In this 2-minute compliance video, Elizabeth McLean, an expert in the background screening legal landscape and General Counsel at GoodHire, shares tips to help you stay up to date on marijuana laws and drug screening policies.
There’s a cloud of confusion around federal and state laws governing marijuana. Depending on their industry, location and policies, some employers have decided to stop testing for marijuana use. To meet their needs, GoodHire has introduced a 4-panel drug screening option that doesn’t test for marijuana but does screen for other drugs. Learn more.
The cloud of confusion around federal and state laws governing marijuana use has many employers wanting to “just say no” to testing for the substance at all.
With the dramatic rise of prescription drug abuse, though, few want to abandon the notion of employee drug testing all together.
GoodHire recently introduced a 4-panel drug screening option to suit the needs of employers who have decided to stop testing for marijuana.
If you do choose to test for marijuana, either to comply with industry employment drug screening laws for your industry or to comply with company policy, you can still select the 5- or 10-panel option. (See what’s included in each drug screening option.)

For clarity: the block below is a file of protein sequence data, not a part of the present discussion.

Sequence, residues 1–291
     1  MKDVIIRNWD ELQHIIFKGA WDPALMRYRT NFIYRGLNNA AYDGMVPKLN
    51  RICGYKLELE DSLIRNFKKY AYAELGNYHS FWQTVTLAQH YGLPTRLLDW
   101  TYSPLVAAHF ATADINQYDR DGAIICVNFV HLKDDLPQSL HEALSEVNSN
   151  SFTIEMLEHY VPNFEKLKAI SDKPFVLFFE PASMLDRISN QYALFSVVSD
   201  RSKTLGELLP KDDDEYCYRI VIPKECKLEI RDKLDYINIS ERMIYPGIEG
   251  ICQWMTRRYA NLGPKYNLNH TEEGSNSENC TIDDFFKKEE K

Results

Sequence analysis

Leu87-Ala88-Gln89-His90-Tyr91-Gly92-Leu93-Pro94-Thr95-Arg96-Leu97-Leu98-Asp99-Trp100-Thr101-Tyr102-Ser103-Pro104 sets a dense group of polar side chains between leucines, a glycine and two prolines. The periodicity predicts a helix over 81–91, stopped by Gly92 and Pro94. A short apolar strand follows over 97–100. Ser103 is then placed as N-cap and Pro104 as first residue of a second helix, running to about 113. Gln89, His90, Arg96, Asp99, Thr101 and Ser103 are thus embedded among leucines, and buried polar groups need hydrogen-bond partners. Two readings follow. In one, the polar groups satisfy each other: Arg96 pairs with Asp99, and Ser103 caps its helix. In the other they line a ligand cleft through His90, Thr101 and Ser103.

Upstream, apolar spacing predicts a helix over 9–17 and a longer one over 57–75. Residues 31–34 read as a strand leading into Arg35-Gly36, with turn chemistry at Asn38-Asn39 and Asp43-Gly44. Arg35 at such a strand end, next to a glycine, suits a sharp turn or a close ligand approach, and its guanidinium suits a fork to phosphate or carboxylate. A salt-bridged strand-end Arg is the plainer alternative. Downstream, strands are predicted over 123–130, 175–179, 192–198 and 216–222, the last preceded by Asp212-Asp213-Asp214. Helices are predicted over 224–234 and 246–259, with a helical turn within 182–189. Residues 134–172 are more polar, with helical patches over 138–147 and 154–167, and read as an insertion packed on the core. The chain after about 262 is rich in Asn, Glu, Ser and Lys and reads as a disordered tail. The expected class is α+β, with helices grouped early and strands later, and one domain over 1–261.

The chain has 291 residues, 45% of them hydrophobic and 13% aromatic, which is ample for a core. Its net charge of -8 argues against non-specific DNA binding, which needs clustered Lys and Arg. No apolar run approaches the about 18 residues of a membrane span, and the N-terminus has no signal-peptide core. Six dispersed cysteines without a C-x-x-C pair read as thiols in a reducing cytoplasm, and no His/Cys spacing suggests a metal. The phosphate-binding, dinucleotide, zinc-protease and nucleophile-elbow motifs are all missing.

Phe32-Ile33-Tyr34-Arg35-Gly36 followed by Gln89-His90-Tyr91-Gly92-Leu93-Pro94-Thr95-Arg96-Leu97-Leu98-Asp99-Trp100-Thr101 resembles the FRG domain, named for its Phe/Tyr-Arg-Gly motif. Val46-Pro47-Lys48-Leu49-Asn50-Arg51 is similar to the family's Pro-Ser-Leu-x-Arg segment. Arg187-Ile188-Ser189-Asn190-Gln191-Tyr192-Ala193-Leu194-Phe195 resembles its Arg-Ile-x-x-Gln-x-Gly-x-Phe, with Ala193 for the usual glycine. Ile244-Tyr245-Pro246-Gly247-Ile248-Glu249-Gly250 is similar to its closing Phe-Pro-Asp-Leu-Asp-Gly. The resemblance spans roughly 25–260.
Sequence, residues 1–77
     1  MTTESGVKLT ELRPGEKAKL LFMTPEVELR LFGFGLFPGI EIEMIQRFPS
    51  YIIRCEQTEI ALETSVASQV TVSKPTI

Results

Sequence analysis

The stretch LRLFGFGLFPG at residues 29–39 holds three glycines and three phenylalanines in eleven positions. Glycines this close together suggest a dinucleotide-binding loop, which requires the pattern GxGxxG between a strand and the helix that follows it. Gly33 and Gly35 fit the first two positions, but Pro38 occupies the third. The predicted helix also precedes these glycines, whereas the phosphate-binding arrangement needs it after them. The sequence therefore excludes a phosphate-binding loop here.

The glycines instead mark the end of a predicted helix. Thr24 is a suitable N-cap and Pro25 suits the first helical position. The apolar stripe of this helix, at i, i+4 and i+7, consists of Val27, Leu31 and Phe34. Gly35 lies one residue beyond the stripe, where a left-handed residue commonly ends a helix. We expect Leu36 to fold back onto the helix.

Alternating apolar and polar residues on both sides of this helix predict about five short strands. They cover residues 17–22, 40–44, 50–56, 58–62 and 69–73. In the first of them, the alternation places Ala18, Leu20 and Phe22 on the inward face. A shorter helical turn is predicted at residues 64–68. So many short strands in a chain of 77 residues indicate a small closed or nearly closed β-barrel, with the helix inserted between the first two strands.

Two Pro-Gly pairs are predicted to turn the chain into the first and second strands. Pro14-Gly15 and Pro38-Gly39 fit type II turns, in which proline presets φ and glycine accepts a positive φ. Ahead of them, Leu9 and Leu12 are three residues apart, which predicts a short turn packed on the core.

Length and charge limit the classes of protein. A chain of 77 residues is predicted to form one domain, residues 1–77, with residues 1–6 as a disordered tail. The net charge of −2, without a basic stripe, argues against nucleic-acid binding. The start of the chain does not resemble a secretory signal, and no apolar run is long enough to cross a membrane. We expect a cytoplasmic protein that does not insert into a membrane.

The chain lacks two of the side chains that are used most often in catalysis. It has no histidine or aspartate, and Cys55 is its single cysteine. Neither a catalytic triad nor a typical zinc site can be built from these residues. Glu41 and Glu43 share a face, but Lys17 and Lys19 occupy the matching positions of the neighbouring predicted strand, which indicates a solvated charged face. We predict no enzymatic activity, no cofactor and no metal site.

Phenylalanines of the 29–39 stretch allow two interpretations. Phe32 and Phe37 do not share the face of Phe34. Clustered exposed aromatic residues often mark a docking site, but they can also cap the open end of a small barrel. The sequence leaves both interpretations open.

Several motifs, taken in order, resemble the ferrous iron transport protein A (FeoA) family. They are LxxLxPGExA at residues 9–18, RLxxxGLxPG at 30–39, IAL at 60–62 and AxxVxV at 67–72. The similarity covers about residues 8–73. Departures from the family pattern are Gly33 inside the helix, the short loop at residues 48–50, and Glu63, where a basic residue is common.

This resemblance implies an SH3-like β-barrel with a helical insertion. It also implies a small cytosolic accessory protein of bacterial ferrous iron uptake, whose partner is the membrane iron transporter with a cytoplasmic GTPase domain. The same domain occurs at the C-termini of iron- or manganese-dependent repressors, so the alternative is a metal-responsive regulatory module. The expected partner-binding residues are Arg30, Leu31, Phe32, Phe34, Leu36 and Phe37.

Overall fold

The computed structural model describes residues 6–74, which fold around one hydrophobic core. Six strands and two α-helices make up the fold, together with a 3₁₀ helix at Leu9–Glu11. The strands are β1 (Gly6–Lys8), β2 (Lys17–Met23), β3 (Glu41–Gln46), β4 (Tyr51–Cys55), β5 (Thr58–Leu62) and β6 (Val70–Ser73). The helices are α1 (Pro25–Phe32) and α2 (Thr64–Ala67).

How It Works
You can add 4-, 5-, or 10-panel drug screening to any background check you order. Once you’ve selected a background check (Basic, Standard, or Premium), simply choose “Drug Screening” from the list of add-ons.
You’ll see the option to specify the drug-screening package that meets your needs.
You enter the candidate’s or employee’s information, and GoodHire handles everything else – from emailing the candidate or employee for consent to arranging the test site.
Candidates take the test within 21 days of the email. GoodHire updates the results in your dashboard as soon as they’re available (typically within 1 to 3 business days).
Learn more about pre-employment drug tests.
The resources provided here are for educational purposes only and do not constitute legal advice. We advise you to consult your own counsel if you have legal questions related to your specific practices and compliance with applicable laws.